VENUS and Jupiter will appear side by side after sunset tonight as their paths appear to cross in the night sky.
Amateur astronomers have been following the planets as they appear just a couple of degrees apart in the sky.
They reached their closest point last night and will be clearly visible again tonight just a couple of degrees apart in the sky to the west-southwest, before drifting apart as the week goes on.
Although it is not unusual for two planets to appear to pass by one another, there is excitement surrounding the spectacle because Venus and Jupiter are two of the brightest planets in the solar system.
Tonight they will be so close that the gap between them will appear from Earth to be about the width of two fingers held at arms length.
Their brightness is such that they will be visible to the naked eye from across the country immediately after sunset, and will be clearly distinguishable even to people with no experience of astronomy.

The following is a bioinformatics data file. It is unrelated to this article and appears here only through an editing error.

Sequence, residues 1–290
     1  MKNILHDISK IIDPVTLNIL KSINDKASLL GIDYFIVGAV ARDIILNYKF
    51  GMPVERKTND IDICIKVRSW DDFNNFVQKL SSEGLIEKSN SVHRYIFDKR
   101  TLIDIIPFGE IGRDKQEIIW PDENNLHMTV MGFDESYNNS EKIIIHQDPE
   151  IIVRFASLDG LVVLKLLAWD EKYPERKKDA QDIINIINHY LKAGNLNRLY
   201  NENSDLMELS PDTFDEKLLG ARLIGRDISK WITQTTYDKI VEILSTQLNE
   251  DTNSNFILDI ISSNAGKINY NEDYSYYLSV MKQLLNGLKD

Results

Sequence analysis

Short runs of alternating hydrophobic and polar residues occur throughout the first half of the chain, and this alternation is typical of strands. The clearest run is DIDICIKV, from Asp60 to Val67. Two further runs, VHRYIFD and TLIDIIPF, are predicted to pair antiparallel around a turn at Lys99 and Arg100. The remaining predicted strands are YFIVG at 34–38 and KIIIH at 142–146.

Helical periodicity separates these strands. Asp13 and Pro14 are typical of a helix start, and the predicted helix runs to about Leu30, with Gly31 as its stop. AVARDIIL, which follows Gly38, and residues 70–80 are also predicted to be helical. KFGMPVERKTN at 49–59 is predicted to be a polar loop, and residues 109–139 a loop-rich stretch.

Robert Massey, of the Royal Astronomical Society, said: "The two being so close together will be beautiful. Last night they looked like two beacons.
"They will be unmistakable because both are really bright, and they will be visible before you can see any stars which is the real giveaway.
"Look outside to the west at about seven o'clock and unless you are standing beside a skyscraper you won't be able to miss them. It would not surprise me for one second if we got people reporting U.F.O. sightings because they are so bright."
The paths of the planets appear to cross because their orbits are briefly aligned, even though they are vast distances apart in reality.
The planets will be fairly high in the sky about 40 degrees above the horizon with Venus, the brighter of the two, positioned slightly above and to the right.
After tonight the planets will drift further apart, though Jupiter will remain visible for at least two more weeks.
The astronomical event comes a week after Mars made its closest pass of Earth in more than two years, and three months before the transit of Venus, the most eagerly anticipated stargazing event of 2012 when the planet will appear from some places to pass in front of the Sun.